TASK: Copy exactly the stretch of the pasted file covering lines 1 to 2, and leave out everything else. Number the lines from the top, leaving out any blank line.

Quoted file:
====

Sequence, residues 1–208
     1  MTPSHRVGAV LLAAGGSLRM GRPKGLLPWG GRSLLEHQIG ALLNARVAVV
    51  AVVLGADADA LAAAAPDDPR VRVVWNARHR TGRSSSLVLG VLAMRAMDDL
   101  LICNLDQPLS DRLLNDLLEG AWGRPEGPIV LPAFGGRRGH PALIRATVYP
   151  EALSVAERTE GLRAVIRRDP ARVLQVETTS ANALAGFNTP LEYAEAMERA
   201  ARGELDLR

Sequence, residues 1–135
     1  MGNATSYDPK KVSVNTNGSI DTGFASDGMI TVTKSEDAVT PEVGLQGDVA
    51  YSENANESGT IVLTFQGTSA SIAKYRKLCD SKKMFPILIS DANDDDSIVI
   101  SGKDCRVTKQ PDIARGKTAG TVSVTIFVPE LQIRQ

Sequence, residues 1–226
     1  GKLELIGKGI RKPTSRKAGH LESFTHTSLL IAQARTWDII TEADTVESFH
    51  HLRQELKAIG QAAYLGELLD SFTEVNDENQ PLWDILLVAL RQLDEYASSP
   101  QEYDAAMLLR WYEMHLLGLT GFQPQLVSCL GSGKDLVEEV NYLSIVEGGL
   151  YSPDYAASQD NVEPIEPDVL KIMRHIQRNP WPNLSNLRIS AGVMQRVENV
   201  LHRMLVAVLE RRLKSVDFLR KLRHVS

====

Sequence, residues 1–208
     1  MTPSHRVGAV LLAAGGSLRM GRPKGLLPWG GRSLLEHQIG ALLNARVAVV